voters will begin county elections
and the first Democratic primary
S turday at 8 a. m. with four boxes
to be voted in their area. Polls
close at 7 p. m.
Glynn A. (Buddy) . Williams
chairman of the Brazos County
Democratic Executive Committee,
said the voting places would be set
up with Precinct 3 at A&M Con
solidated School with F. C. Bolton
acting as precinct chairman. Pre
cinct 16 will be located adjacent
to the Culpepper Realty Co. with
George Draper in the Chairman
post. Precinct conventions are sche
duled for 7:30 p. m.
Precinct 13 will be located a*
Crockett School in Bryan with John
H. Stockman as chairman. Precincl
2 will be located in the Wellborn
Community Genter with Milton
Williams as precinct chairman.
Precinct offices to be filled this
year are Precinct 1 commissioner,
Precinct 7 constable and precinct
chairman for Precinct 3.
In the commissioner’s race, Ray
mond A. Nolan, G. B. Hensarling
Tr., Curtis H. Williams and Fletch
er L. Pool are announcing for the
Joe Norwood is running unop-
oosed for the constable post, and
F. C. Bolton is also unopposed in
the precinct chairman race.
County Offices
In the county, Glynn A. Williams
is unopposed for county chairman.
Raymond B. Buchanan is the only
candidate for Tax Assessor and
Collector, and D. Brooks Gofer Jr.
's unopposed for County Attorney.
T. W. Hamilton and W. R. (Bill)
Owens are on the ballot for County
Other Offices
B. H. Dewey Jr. of Brazos Coun
ty is unopposed for State Repre
sentative for the 44th District.
William T. Bill Moore and Olin E.
Teague, both of Brazos County are
in the running for United States
Representative for the Sixth Con
gressional District.
Frank M. Wilson, of McLennan
Couhty is unopposed in the race, the Court of Criminal Appeals.
for Associate Justice in the Court
of Civil Appeals from the 10th
Supreme Judicial District. John C.
White is unopposed for Commis
sioner of Agriculture. He is from
Wichita County.
Bill Allcorn of Bi’own County
and Jerry Sadler of Anderson
County are in the race for Com
missioner of the General Land Of
Jesse James, of Travis County
is running for reelection to the
State Treasurer’s office. He is run
ning unopposed on the ballot. V.
L. (Bo) Ramsey of Panola County
and Robert S. Calvert of Travis
County are running for the Comp
troller of Public Accounts.
Earnest O. Thompson of Potter
County is unopposed on the ballot
for Railroad Commissioner.
Judicial Positions
Lloyd W. Davidson of Travis
County, W. T. McDonald of Brazos
County and Jim D. Bowmer of Bell
county are running for Judge of
Joe Greenhill of Brazos County is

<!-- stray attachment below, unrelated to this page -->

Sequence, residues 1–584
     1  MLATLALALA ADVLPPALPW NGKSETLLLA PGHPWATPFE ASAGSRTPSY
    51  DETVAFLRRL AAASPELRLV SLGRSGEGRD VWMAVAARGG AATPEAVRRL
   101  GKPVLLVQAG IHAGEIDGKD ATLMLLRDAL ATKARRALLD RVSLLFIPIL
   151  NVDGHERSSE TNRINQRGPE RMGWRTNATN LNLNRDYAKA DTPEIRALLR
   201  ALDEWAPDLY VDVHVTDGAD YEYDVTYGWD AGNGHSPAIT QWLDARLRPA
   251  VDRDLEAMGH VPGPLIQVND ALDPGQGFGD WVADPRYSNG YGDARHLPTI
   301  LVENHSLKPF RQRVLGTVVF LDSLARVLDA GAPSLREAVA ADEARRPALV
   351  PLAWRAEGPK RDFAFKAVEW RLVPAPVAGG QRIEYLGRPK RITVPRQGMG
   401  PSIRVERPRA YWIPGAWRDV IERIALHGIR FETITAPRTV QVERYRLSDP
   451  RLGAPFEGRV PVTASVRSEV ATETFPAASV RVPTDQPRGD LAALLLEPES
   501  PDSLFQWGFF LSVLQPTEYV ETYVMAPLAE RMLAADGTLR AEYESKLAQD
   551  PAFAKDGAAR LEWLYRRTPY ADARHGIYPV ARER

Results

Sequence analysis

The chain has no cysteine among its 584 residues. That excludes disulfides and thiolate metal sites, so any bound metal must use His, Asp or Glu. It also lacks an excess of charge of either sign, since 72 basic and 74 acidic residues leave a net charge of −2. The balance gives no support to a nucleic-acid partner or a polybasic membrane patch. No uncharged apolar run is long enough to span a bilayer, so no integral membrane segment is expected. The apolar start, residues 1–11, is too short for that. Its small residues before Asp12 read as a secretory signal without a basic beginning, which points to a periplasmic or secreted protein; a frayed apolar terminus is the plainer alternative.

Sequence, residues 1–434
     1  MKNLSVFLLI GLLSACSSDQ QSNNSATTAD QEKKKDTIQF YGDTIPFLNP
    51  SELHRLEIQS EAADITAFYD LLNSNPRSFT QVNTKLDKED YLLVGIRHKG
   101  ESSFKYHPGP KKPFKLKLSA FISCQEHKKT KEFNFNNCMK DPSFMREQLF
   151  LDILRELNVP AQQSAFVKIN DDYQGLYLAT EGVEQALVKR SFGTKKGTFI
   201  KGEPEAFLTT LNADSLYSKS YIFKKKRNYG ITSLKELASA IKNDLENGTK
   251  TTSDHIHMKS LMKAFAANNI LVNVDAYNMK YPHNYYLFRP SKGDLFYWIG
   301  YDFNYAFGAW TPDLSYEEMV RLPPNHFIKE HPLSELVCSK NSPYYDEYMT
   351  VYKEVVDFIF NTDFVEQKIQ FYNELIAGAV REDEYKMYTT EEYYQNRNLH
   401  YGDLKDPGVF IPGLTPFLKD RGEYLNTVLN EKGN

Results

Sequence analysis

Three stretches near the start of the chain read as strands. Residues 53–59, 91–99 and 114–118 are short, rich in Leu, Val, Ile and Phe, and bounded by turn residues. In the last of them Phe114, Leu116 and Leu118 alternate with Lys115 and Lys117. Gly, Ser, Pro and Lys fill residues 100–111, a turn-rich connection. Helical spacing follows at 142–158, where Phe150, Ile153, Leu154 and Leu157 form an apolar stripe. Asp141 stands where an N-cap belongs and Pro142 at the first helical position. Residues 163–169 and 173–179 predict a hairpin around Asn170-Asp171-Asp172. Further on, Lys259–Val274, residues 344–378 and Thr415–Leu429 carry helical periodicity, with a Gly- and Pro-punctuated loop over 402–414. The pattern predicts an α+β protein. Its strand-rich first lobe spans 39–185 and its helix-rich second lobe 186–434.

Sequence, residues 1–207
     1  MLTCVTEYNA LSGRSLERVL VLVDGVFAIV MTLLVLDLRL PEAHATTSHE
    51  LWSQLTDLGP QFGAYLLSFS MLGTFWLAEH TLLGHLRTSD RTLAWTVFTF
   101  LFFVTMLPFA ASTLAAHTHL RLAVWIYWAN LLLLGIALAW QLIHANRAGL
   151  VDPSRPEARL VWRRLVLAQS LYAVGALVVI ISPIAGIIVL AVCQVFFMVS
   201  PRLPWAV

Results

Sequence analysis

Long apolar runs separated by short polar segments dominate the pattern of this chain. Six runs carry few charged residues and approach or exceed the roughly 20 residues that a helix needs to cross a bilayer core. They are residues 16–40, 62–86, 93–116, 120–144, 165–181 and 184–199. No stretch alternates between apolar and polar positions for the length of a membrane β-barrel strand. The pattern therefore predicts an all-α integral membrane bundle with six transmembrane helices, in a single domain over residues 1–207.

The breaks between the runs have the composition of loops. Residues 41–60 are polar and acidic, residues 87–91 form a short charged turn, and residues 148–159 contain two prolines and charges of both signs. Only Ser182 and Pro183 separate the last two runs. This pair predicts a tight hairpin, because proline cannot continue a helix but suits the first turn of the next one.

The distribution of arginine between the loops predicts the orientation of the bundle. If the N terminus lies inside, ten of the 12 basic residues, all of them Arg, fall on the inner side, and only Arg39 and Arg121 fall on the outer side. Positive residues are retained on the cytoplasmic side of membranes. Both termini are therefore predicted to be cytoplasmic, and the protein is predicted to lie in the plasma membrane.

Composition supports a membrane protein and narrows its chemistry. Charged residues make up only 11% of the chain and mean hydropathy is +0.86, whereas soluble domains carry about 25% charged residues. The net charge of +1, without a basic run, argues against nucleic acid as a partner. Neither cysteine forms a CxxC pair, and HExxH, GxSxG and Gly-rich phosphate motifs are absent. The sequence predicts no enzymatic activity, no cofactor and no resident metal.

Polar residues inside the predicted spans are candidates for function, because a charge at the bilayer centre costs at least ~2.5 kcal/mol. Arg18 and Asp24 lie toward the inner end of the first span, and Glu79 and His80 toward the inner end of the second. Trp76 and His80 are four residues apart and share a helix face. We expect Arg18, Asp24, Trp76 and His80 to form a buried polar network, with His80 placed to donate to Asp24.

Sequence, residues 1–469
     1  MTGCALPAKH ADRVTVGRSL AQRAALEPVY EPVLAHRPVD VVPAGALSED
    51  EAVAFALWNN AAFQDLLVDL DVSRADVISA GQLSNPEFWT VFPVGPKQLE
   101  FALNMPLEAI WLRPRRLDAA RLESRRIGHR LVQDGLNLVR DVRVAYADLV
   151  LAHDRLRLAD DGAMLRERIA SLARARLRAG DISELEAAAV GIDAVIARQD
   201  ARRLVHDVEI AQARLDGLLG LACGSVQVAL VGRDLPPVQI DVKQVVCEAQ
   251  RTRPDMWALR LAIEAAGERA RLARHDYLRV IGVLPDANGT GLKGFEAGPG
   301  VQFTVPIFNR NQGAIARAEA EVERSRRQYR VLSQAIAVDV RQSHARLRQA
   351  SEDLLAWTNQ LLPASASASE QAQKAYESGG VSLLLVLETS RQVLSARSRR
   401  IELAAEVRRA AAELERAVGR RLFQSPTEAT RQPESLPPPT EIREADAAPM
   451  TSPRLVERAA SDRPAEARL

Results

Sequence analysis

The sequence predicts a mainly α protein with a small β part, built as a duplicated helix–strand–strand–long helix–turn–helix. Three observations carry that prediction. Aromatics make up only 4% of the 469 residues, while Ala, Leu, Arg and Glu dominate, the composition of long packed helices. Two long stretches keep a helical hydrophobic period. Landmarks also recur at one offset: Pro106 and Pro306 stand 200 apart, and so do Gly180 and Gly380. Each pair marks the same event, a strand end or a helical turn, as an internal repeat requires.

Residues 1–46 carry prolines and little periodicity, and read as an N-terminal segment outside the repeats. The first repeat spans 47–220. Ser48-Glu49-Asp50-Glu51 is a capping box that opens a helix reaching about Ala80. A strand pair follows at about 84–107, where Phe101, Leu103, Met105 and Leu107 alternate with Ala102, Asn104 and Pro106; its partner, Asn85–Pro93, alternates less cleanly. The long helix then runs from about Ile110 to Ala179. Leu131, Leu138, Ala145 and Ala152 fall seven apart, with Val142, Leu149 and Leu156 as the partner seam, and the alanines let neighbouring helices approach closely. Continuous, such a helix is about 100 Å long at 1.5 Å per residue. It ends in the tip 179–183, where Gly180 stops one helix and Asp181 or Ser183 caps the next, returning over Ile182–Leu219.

the only candidate for Associate
Justice of the Supreme Court, Place
Clyde E. Smith of Tyler County
is also unopposed for Associate
Justice of the Supreme Court,
Place 1. Robert G. Hughes of Tom
Green County and Robert W. Cal
vert of Hill County are running
for Chief Justice of the Supreme
Other Offices
Lyndon B. Johnson of Blanco
County is unopposed for United
States Senator. Waggoner Carr,
Robert Everett L. (Bob) Looney
and Will Wilson have announced
for Attorney General.
Ben Ramsey and Don Yar
borough are running for Lieutenant
Governor, and Price Daniel and
Jack Cox are running for Gover
★ ★ ★
Curry’s Courage
Proves Equalizer
Battalion Feature Editor
Strength, determination and will-power are characteris
tics which well describe Bill Curry—an Aggie who has been
confined to a wheel-chair since 1956, but has continued to
further his education in spite of great difficulty.
Curry was born in Carlton, Tex.4-
May 30, 1937, and moved to Com
manche, Tex. at a very early age.
He attendede grade school through
high school in Commanche, grad
uating in 1955. In high school,
Curry played four years of foot
ball and participated in track four
years, also.
Entering A&M in the summer
of 1955, Curry finished one se
mester of summer school, then en
tered A&M in the fall as a “fish”
in A Engineers, studying archi
tecture. In the second semester
of his freshman year, on April 12,
1956, a payload of trouble arriv
On that day, Curry was injured
in a gym accident, which resulted
in a broken neck. He was immed
iately rushed to a hospital in
Houston, and his parents arrived
soon afterward.
“I was on the critical list for
quite some time, and I needed
blood badly. The men in my outfit
drove down every few days and
contributed blood to keep me alive.
After I had recovered enough to
where I didn’t need the transfus
ions any more, my buddies sold
blood to the blood bank and gave
me the money,” said Curry.
For over 18 months after his ac
cident, Curry was in and out of
various hospitals all over Texas
and during this time his mother
was always by his side. Finally,
he recovered enough to begin his
studies once again.
In the spring of 1958, Curry en
tered Tarleton State College, which
is located in Stephenville, Tex.,
30 miles from Commanche. His
mother drove him to and from
classes three times a week, at*
tending the classes and taking
notes for him. Because of his con
dition, Curry registered for only
six hours a semester at Tarleton
Stayed Active
For three semesters, Curry and
his “Mom” attended classes at
Tarleton State three days a week,
Curry’s major now being math.
During the summer of 1959, he
swam a lot, stayed out in the sun
and “did* just about anything to
improve my physical condition.”
Curry found out that keeping
his mind active helped alot: “1
used to go out just about every
night, going to shows, basketball
games and just about anything
to keep my mind active. It was
a lot better than just lying around
doing nothing,” said Curry.
Returns to A&M
In the fall semester of 1959,
Curry was able to return and re
sume studies at A&M. His mother
had to come with him, and his
father, who is a math teacher and